1. Coronary artery disease – coronary heart disease. American Heart Association. http://www.heart.org/HEARTORG/Conditions/More/MyHeartandStrokeNews/Coronary-Artery-Disease---Coronary-Heart-Disease_UCM_436416_Article.jsp. Accessed Nov. 21, 2013.
  2. Understand your risk of heart attack. American Heart Association. http://www.heart.org/HEARTORG/Conditions/HeartAttack/UnderstandYourRiskofHeartAttack/Understand-Your-Risk-of-Heart-Attack_UCM_002040_Article.jsp. Accessed Nov. 22, 2013.
  3. How cardiovascular and stroke risks relate. American Stroke Association. http://www.strokeassociation.org/STROKEORG/LifeAfterStroke/HealthyLivingAfterStroke/UnderstandingRiskyConditions/How-Cardiovascular-Stroke-Risks-Relate_UCM_310369_Article.jsp. Accessed Nov. 22, 2013.
  4. What is peripheral arterial disease? National Heart, Lung, and Blood Institute. http://www.nhlbi.nih.gov/health/health-topics/topics/pad/. Accessed Nov. 22, 2013.
  5. Dekkers JC, et al. Accuracy of self-reported body weight, height and waist circumference in a Dutch overweight working population. BMC Medical Research Methodology. 2008;8:69.
  6. Pencina MJ, et al. Predicting the 30-year risk of cardiovascular disease: The Framingham Heart Study. Circulation. 2009;119:3078.
  7. D'Agostino RB, et al. General cardiovascular risk profile for use in primary care: The Framingham Heart Study. Circulation. 2008;117:743.
  8. High blood pressure and women. American Heart Association. http://www.heart.org/HEARTORG/Conditions/HighBloodPressure/UnderstandYourRiskforHighBloodPressure/High-Blood-Pressure-and-Women_UCM_301867_Article.jsp. Accessed Nov. 22, 2013.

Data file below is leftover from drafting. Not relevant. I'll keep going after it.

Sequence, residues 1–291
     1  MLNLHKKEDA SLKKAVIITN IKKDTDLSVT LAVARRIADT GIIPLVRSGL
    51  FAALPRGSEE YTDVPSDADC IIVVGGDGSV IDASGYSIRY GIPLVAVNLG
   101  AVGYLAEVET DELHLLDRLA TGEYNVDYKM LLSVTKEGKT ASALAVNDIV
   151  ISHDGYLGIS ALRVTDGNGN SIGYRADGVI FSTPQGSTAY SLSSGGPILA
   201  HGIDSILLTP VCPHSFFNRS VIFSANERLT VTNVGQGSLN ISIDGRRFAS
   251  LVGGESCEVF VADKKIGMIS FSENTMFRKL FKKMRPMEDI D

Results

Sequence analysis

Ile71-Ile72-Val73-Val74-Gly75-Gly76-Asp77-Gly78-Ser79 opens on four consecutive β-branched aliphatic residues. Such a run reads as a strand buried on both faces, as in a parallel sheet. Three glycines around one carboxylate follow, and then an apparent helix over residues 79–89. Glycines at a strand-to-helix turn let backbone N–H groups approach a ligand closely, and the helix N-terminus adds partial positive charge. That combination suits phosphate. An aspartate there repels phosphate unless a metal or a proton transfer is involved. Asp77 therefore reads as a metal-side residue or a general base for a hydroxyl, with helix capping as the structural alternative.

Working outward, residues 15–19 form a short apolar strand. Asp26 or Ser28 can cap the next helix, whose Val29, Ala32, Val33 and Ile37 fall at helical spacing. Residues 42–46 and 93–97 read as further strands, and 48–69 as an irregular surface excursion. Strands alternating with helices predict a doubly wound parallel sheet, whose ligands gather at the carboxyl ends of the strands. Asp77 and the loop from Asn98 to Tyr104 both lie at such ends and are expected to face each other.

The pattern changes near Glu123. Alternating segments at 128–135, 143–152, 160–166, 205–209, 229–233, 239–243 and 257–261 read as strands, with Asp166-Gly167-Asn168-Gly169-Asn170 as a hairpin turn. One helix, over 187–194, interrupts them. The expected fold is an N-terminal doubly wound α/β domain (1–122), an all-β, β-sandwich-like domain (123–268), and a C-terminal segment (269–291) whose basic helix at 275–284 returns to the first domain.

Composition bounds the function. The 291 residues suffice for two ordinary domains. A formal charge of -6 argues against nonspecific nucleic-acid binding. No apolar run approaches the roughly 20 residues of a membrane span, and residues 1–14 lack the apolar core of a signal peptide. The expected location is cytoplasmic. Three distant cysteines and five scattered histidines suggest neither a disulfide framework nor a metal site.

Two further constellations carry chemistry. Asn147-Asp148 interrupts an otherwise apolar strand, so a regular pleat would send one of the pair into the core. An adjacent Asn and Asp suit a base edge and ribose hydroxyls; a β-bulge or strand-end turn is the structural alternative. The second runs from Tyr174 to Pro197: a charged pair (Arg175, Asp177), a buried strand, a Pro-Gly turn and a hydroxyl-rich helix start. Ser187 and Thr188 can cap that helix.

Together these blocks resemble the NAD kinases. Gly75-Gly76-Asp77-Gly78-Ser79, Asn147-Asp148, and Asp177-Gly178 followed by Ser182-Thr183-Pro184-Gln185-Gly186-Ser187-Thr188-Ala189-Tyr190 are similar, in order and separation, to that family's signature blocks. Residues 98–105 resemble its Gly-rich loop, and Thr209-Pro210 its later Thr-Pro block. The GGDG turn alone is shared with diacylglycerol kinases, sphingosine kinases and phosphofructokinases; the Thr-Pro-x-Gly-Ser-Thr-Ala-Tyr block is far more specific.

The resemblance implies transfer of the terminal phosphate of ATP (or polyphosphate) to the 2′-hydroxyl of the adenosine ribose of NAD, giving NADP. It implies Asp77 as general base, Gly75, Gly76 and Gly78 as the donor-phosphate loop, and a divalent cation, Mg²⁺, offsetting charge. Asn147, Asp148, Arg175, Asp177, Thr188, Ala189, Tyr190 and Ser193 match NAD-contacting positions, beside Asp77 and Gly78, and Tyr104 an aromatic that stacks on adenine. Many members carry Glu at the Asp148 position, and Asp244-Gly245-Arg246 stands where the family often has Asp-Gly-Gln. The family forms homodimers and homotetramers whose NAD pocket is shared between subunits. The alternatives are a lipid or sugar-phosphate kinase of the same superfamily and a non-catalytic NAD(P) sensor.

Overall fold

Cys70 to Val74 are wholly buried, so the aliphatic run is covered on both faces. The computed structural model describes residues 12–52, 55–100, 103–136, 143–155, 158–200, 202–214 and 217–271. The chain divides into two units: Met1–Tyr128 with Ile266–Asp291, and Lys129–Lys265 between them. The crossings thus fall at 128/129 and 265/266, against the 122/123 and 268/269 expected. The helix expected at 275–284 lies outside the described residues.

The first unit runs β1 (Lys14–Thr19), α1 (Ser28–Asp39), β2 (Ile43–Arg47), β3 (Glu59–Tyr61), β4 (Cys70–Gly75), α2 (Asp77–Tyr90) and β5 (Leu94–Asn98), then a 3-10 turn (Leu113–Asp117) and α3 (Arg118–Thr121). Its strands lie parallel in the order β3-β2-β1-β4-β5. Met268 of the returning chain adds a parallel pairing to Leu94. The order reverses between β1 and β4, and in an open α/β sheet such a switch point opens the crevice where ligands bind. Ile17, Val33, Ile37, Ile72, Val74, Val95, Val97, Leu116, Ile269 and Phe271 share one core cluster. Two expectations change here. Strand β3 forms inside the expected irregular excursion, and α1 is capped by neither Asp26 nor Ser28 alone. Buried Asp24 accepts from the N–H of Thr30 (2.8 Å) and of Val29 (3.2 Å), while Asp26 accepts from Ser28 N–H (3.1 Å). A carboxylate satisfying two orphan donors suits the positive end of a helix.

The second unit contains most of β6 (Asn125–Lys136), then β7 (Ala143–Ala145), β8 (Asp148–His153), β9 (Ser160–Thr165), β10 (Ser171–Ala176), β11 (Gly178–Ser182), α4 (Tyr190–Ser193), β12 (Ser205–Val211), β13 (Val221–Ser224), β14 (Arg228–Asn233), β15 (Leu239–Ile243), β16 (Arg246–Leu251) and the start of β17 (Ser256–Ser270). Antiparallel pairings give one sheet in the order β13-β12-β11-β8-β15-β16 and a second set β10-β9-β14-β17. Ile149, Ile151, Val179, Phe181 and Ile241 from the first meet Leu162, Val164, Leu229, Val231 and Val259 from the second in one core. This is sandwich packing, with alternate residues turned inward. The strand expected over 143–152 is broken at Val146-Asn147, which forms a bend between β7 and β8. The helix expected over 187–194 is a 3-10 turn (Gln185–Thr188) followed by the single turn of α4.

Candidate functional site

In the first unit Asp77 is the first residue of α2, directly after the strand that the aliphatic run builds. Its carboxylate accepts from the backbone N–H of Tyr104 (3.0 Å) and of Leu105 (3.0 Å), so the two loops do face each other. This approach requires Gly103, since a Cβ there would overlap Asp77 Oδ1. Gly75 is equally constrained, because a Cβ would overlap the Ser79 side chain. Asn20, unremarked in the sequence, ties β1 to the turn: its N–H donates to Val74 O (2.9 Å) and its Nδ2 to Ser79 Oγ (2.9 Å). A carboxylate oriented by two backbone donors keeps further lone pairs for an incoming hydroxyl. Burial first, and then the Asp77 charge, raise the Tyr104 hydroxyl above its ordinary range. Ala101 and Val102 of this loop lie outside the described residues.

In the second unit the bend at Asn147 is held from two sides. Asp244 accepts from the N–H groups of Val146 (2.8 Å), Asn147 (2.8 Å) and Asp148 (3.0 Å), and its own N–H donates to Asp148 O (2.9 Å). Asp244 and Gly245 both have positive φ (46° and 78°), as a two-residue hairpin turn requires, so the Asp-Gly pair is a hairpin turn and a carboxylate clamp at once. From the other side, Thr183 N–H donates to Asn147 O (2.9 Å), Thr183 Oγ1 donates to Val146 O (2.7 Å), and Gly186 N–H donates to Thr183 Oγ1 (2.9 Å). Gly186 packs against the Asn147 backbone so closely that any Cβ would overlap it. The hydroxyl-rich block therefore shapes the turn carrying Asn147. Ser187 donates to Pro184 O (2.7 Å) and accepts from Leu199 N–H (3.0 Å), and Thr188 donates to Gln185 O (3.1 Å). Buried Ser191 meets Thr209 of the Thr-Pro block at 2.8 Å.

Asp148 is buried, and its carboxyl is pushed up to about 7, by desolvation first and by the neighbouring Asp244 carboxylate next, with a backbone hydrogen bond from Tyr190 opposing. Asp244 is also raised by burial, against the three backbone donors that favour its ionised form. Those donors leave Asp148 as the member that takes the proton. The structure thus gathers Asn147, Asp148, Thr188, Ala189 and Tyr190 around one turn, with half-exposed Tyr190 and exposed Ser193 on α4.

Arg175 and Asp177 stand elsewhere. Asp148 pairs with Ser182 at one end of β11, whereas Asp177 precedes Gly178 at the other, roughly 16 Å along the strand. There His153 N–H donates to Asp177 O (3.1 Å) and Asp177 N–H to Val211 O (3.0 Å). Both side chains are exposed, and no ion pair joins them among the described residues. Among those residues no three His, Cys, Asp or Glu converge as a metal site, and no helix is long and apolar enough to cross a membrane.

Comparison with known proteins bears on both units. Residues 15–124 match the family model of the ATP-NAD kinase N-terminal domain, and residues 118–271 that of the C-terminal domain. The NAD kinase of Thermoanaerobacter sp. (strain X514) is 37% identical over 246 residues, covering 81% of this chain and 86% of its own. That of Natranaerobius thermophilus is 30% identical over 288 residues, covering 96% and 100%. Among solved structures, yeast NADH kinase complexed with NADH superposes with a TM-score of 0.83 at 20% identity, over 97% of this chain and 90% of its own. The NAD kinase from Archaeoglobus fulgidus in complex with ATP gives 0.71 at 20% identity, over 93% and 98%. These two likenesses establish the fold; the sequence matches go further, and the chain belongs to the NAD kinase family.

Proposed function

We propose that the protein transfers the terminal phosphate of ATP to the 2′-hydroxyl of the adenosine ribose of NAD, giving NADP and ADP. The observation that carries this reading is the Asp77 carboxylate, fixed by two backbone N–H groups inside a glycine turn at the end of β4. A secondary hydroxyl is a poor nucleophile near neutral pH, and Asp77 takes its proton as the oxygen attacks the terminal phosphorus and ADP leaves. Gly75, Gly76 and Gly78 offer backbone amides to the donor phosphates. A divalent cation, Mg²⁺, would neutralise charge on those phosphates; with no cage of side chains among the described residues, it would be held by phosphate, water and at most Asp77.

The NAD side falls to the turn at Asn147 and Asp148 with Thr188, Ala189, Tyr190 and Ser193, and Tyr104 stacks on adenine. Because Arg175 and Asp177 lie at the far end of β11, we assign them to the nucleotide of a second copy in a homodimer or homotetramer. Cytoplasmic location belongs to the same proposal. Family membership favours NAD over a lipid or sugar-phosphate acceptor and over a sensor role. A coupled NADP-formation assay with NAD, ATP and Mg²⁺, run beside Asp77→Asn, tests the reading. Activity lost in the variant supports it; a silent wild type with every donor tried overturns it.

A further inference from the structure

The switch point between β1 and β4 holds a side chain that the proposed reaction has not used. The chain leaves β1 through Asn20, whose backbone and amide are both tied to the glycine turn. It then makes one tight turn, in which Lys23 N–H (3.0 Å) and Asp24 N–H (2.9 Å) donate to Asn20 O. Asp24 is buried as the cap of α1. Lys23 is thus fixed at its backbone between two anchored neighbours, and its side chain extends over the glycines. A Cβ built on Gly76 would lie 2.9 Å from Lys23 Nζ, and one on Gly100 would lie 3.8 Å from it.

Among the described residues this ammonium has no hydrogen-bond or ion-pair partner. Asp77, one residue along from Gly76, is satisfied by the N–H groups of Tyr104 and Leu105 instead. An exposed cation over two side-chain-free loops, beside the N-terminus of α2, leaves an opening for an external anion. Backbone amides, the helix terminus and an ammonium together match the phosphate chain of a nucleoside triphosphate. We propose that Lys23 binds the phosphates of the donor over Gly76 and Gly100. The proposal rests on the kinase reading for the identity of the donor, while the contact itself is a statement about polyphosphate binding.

9. Fraser A, et al. Associations of pregnancy complications with calculated cardiovascular disease risk and cardiovascular risk factors in middle age: The Avon Longitudinal Study of Parents and Children. Circulation. 2012;125:1367.
  10. Goff DC, et al. 2013 ACC/AHA guideline on the assessment of cardiovascular risk. Circulation. In press. Accessed Nov. 22, 2013.
  11. Kidney disease and diabetes. American Heart Association. http://www.heart.org/HEARTORG/Conditions/Diabetes/WhyDiabetesMatters/Kidney-Disease-Diabetes_UCM_313867_Article.jsp. Accessed Nov. 25, 2013.
  12. Menopause and heart disease. American Heart Association. http://www.heart.org/HEARTORG/Conditions/More/MyHeartandStrokeNews/Menopause-and-Heart-Disease_UCM_448432_Article.jsp. Accessed Nov. 25, 2013.
  13. Lower heart disease risk: What are the risk factors for heart disease? National Heart, Lung, and Blood Institute. http://www.nhlbi.nih.gov/educational/hearttruth/lower-risk/risk-factors.htm. Accessed Nov. 21, 2013.
  14. Your guide to physical activity and your heart. National Heart, Lung, and Blood Institute. http://www.nhlbi.nih.gov/health/public/heart/obesity/yg_phyac.htm. Accessed Nov. 25, 2013.
  15. American Heart Association recommendations for physical activity in adults. American Heart Association. http://www.heart.org/HEARTORG/GettingHealthy/PhysicalActivity/StartWalking/American-Heart-Association-Recommendations-for-Physical-Activity-in-Adults_UCM_307976_Article.jsp. Accessed Nov. 25, 2013.
  16. 5 goals to healthy eating. American Heart Association. http://www.heart.org/HEARTORG/GettingHealthy/WeightManagement/LosingWeight/5-Goals-to-Healthy-Eating_UCM_307257_Article.jsp. Accessed Nov. 25, 2013.
  17. Eckel RH, et al. 2013 AHA/ACC guideline on lifestyle management to reduce cardiovascular risk. Journal of the American College of Cardiology. In press. Accessed Nov. 22, 2013.